It used its weapons to kill soldiers, police, prison officers, judges and magistrates, tradesmen who helped to repair police stations, politicians, alleged loyalist extremists, alleged informers, and many civilians.
At one point it invented 'human bombs,' strapping people who worked for the security forces into vehicles containing large devices and forcing them to drive to security force installations, where they were blown to smithereens. In return, the security forces killed many I.R.A. members, including eight in Loughgall, Co Armagh, and a further three in Gibraltar in S.A.S. ambushes. Perhaps 10,000 republicans wound up in prison, some of them serving almost two decades behind bars.
The I.R.A.'s political wing, Sinn Fein, was in the early years little more than a propaganda outlet, but it grew in importance after the emotive hunger strikes of 1981, when Bobby Sands and nine other republican prisoners starved themselves to death in the Maze prison.
By that stage, the republican movement was in the hands of a new northern-based leadership dominated by Gerry Adams and Martin McGuinness, who had pushed out the older southern leaders in a bloodless coup. The I.R.A. was reorganised to make it a smaller, tighter organisation less vulnerable to penetration by informers.
In 1984, an attempt was made to kill Margaret Thatcher and members of her Cabinet who were staying at the Grand Hotel in Brighton during the Conservative Party conference. She survived but five people died in the attack.
In the late 1980s, the I.R.A. received a huge boost with the arrival of sizeable arms shipments from Colonel Gaddafi's Libyan regime. This material, which included machine guns and Semtex plastic explosives, greatly increased its capacity for violence. More shootings and bombings resulted, but so too did enhanced efforts by the security forces. 'The Brits have raised their game,' an I.R.A. leader said at the time.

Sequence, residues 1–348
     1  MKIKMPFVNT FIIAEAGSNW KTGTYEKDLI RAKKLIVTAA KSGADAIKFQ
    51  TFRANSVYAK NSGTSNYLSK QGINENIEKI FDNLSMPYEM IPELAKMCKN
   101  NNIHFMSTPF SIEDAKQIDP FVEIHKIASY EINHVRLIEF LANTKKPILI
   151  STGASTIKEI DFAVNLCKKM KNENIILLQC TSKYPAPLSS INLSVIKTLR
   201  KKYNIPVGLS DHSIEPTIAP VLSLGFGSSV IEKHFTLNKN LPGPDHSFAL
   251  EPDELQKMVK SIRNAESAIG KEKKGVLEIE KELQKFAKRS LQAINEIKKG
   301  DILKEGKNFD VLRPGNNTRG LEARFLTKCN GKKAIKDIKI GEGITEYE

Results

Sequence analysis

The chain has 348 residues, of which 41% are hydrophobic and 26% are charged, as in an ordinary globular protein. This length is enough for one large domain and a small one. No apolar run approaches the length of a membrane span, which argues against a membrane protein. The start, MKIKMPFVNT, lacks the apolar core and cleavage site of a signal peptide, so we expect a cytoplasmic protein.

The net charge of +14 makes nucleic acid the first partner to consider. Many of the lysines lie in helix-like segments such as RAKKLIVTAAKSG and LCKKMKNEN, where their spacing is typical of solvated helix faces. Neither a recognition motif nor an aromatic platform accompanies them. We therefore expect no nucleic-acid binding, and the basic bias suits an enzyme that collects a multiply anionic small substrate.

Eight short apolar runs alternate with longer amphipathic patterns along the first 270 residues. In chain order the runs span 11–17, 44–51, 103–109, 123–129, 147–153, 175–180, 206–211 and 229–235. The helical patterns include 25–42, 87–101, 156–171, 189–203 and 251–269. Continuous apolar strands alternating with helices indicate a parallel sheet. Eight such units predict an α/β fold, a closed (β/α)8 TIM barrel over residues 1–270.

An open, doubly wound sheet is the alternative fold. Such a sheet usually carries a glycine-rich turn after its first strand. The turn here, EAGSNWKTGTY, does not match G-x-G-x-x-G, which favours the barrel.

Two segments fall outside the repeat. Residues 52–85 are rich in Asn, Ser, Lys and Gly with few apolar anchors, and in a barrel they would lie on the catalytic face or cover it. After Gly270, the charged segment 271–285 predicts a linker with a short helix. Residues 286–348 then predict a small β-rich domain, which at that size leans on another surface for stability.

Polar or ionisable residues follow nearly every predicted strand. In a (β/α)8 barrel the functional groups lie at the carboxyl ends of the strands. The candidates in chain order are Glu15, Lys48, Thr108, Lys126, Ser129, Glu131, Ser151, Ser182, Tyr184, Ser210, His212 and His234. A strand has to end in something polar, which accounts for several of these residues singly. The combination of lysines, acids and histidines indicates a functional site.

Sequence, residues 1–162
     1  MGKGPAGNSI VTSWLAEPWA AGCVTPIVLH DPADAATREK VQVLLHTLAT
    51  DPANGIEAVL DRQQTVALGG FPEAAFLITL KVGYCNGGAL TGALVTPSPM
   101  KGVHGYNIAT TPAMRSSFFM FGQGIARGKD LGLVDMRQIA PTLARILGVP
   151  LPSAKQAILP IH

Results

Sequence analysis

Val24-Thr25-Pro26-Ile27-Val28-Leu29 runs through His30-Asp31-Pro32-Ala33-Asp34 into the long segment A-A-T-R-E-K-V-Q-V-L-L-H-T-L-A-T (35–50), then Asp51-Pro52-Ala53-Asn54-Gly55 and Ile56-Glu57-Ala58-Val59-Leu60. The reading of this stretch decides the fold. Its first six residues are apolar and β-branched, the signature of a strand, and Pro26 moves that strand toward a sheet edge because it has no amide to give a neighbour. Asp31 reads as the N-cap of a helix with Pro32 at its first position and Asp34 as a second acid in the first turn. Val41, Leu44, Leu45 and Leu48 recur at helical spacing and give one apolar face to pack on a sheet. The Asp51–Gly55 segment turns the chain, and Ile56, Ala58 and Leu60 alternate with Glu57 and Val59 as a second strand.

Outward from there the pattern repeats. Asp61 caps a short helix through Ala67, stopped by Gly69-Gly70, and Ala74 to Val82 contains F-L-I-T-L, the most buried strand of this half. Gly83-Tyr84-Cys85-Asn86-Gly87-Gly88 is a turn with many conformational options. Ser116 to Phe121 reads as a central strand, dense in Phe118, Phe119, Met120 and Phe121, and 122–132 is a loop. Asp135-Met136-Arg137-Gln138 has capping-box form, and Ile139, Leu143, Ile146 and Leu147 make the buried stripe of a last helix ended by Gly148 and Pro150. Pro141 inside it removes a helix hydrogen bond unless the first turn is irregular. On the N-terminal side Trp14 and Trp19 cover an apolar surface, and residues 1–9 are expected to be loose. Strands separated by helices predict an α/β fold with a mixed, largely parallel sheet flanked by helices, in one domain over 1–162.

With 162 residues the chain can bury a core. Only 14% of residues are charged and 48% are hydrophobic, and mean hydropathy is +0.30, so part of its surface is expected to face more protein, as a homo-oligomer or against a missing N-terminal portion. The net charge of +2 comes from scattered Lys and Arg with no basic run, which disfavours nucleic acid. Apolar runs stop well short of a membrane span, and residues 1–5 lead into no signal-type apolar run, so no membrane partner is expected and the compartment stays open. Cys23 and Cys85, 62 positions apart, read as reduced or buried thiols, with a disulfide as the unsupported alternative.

The I.R.A. then began putting out feelers to the British Government and to Irish political and clerical leaders. There had been surreptitious contacts in the past, most notably when the Government flew Gerry Adams, Martin McGuinness and others to Chelsea in 1972, in an R.A.F. aircraft, for secret discussions with the Northern Ireland Secretary, William Whitelaw.
Those talks came to nothing, but in the 1990s the I.R.A. began to signal that it was interested in dialogue. But the fact that the organisation insisted on maintaining its campaign of violence during this period meant that many did not take its approaches seriously.
John Major was understandably unimpressed when a republican letter asking for dialogue was delivered at around the same time as a mortar-bomb attack shook his Downing Street cabinet room.
The I.R.A.'s 'complete cessation of military operations' in 1994 was a giant step, but it returned to violence in 1996 with the Canary Wharf bombing, complaining that the Government had not brought it into dialogue.
A second ceasefire followed Tony Blair's arrival in Downing Street in 1997. But even after the Good Friday Agreement of 1998, the I.R.A. felt free to carry out occasional unacknowledged killings and bank robberies.
This was partly because the British and Irish governments believed in the bona fides of Mr. Adams and Mr. McGuinness, and considered that republicans should have time, and some indulgence, to make their journey into pure politics.
Mr. Blair in particular drew criticism for appeasing terrorists who had no intention of giving up the gun. Looking back on the I.R.A.'s record demonstrates what a huge risk he took in believing that such an organisation could be persuaded to embrace politics.
For decades, the authorities tried to beat the I.R.A., but never managed it: now the organisation is voluntarily offering to disarm, and to put an end to the toll of violent death.